October 02, 2006
This morning, we read these words from the Torah: “I set before you this day life and death, blessing and curse. Choose life,” says God on this holiest day of the year. Yet surely some choices are made for us. Sometimes choosing life can be one of the most difficult commandments to fulfill.
When my mother was in a nursing home not far from where we live, we had to make a decision about signing a DNR form. On the face of it, it seemed to be a relatively easy decision. My mother had gone back and forth from the nursing home to Abington Hospital on several occasions with shortness of breath, rapid heartbeat, and ashen features, and we never knew if she would leave the hospital alive, and every time she did. Advances in medical technology gave her more years than she would have enjoyed in preceding decades, but that did not mean that her quality of life was good. She was confined to her bed and was thoroughly dependent on nurses to respond to her most basic needs. Many of you have, or had, loved ones in similar situations, and so you know the feeling of powerlessness that engulfs people who live out their years in nursing homes, as well as those who love them. Whether my mother was fed, bathed, changed or responded to in a timely manner depended entirely on whether a nurse was available. Some nurses arrived in the rooms of their charges with an attitude that suggested they had been summoned for no reason at all, leaving those in their care feeling embarrassed, angry or at a complete loss for words. One or two were so unfailingly kind and pleasant that I kept looking for their wings, convinced they were angels in human form.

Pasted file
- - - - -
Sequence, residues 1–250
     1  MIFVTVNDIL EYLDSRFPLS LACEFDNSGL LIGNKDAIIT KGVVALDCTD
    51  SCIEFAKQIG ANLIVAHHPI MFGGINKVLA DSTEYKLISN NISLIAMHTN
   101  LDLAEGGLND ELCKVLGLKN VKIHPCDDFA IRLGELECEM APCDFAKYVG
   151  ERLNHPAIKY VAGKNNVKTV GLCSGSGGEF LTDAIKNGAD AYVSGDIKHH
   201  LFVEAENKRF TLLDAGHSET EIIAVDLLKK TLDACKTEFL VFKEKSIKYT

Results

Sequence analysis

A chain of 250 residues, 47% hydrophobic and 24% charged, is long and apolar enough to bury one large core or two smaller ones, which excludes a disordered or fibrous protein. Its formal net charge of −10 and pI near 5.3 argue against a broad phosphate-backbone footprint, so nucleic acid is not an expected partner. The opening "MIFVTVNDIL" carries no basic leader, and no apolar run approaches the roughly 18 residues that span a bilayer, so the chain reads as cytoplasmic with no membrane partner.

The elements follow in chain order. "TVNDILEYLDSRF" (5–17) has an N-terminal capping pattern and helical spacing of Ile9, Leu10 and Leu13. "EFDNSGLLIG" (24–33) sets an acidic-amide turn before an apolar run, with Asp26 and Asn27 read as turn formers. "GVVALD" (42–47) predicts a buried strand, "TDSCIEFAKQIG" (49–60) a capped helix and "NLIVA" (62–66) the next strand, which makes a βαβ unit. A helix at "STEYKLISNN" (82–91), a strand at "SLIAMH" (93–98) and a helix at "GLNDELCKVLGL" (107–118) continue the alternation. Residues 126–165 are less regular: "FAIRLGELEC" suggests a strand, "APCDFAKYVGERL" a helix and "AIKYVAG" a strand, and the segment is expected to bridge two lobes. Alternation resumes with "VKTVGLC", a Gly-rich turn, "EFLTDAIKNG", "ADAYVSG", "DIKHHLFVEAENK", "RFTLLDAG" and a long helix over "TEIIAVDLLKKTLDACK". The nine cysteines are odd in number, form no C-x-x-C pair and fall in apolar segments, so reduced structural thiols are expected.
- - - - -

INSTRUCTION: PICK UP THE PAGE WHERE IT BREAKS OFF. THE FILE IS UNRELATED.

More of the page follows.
I wanted my mother to live a long life, but I did not want her to live the remaining years of her life so thoroughly dependent on others. “Choose life” indeed, but hers was a life lived on terms dictated by an astonishing level of apathy and brusqueness displayed by those ostensibly there to care for her. Of course, the choice was not mine, it was hers, and she concurred with the need for a DNR directive. When she told me her decision, I was startled by the emotions our discussion generated – now the issue was intensely personal, no longer theoretical – and I ended up feeling relieved and distressed. It stirred up profound fears and hopes: the fear that she would linger, and the hope that she would live…or was it the fear that she would live in an even more debilitated and distressed state, or the hope that when death arrived it would do so swiftly, sparing her pain, yet not so swiftly as to prevent us from saying goodbye? I swung back and forth between those two emotional extremes like a pendulum: one day here, the next day there, back and forth without cessation.
Then on November 20th, 2002, I received a call from the Administrator of the nursing home. “I have been trying to reach you,” she said. It is at such moments that time feels suspended. You prepare yourself for the worst, though in the past she had called to simply ask if I would come by and speak to the residents during Passover. This time the administrator went on to say, “Will you be coming in to fill out the death notice?” That is how I found out that my mother had died. It turned out that Susan had been at the nursing home an hour earlier to answer some questions about Mom’s social security benefits and while there learned that my mother had died. She tried to contact me but was unable to do so, and so she drove around to where she thought I might be, and finally came home hoping I might be there. I was just hanging up the phone from learning about my mother’s death when Susan walked into my Study, and she instantly knew by the stunned look on my face what I had just been told.